The Süddeutsche Zeitung reported this week on a firm near Munich which has started to offer its workers electric bicycles for the five kilometres between the office and the nearest train station – apparently a nice ride through the woods.
Around 80 percent of the 300 of the staff at Eos come to work in cars, something the company wanted to change by leasing electric bicycles which its workers could use like company cars – paying a little to use it privately as well. As well as being keen to improve its workers’ health and do its bit for the environment, Eon was keen to free up space in its car park.
Yet the idea with the leased bikes became stuck on questions of the leasing contract and tax questions for the workers. Only now will it start, after the German tax authorities decided to treat company bikes the same way as company cars.
This means that if a worker gets a bike from their employer, they only have to pay tax on one percent of the bike’s value in order to cover private cycling, the paper said.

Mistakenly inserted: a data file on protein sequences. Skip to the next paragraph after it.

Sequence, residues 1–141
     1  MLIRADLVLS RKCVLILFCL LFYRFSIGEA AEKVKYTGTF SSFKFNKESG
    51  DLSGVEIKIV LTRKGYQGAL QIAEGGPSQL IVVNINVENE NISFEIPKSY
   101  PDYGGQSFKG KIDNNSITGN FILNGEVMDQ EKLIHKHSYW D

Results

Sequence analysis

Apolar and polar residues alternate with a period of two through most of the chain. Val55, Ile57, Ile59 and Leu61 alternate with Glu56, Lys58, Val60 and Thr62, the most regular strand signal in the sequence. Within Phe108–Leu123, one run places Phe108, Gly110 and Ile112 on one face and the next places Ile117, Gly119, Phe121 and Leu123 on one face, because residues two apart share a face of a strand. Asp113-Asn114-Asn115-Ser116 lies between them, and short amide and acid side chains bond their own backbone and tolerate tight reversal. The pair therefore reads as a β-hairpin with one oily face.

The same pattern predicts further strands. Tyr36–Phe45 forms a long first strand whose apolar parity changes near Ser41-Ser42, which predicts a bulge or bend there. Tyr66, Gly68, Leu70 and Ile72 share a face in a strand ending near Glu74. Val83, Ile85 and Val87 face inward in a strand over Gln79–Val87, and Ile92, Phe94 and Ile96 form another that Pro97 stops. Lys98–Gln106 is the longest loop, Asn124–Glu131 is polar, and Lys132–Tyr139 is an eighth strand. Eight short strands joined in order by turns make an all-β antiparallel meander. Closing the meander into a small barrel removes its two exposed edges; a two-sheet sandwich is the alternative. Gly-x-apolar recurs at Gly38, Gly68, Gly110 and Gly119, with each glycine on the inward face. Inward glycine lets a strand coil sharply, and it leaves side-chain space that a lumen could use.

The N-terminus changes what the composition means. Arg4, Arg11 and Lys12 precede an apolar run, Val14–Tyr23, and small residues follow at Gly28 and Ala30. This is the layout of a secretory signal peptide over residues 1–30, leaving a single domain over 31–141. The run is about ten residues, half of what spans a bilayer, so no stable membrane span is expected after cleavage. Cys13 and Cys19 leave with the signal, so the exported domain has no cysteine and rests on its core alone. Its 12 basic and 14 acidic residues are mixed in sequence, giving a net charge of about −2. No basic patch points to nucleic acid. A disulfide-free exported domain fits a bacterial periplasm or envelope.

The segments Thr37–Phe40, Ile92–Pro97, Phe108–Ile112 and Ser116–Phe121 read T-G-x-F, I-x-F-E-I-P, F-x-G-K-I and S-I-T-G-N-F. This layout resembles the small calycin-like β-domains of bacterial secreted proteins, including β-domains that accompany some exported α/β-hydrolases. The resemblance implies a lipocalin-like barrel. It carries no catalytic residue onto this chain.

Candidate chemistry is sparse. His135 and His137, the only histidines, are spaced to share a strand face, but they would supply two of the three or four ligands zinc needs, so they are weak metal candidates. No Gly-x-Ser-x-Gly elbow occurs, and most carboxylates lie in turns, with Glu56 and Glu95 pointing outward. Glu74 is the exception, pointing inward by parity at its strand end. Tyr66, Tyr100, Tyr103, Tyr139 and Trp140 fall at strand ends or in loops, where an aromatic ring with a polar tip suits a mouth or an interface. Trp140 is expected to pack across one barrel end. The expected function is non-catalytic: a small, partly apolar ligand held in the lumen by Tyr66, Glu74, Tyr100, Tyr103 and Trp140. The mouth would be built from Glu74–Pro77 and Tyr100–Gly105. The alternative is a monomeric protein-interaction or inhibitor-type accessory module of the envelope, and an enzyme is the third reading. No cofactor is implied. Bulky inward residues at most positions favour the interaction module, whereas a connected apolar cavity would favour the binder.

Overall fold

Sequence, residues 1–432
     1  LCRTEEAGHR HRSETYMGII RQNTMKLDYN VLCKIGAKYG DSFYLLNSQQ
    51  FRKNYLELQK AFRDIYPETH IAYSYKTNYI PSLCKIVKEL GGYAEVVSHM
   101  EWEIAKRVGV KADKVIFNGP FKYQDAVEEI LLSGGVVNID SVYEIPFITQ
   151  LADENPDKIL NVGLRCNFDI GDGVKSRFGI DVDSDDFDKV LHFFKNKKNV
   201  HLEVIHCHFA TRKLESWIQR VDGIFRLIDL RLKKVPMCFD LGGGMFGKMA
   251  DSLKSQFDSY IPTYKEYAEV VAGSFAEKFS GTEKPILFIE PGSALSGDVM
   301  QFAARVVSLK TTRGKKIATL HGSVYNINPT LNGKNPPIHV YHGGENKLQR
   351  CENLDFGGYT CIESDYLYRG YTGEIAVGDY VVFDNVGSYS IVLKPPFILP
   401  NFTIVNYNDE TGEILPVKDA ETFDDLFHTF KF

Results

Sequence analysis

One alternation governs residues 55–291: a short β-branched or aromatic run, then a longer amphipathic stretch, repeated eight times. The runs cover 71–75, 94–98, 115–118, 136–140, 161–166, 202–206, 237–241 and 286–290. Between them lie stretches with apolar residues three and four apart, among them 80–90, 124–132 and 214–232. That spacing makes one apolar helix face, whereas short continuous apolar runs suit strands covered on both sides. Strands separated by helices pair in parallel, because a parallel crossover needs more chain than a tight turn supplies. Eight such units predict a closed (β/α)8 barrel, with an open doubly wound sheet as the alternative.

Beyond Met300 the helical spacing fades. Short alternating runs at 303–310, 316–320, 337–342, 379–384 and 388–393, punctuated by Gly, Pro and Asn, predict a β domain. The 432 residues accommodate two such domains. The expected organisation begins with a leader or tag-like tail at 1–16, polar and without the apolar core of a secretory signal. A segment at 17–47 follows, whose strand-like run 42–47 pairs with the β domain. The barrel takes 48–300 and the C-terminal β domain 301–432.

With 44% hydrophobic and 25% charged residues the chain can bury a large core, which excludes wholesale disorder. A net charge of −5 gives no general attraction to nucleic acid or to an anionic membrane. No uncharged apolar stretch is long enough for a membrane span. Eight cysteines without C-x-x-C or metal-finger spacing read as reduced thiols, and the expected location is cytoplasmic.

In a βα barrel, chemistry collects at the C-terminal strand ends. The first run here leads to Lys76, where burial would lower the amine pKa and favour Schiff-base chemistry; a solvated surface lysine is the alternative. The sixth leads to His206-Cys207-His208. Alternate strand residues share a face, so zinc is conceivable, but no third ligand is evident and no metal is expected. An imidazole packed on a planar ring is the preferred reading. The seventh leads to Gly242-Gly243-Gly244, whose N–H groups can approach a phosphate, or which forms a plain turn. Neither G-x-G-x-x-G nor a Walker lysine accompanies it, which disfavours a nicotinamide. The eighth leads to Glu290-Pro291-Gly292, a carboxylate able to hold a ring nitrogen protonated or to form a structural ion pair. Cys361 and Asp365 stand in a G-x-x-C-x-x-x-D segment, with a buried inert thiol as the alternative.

The bike manufacturing association ZIV expects 400,000 electric bikes to be sold in 2012, twice as many as two years ago – and sees them increasingly in cities where traffic congestion is becoming a problem.
The German cycling association ADFC said the new regulation was a positive one. “That is practical and simple – the full taxation was unfair,” said Roland Huhn, ADFC spokesman.
And Christian Heep from the federal association of electric mobility, said the tax regulation was, “an attractive signal to promote alternative transport possibilities.” He said he was confident that it would, “clearly increase the attraction of using bikes in companies, administrations and organisations.”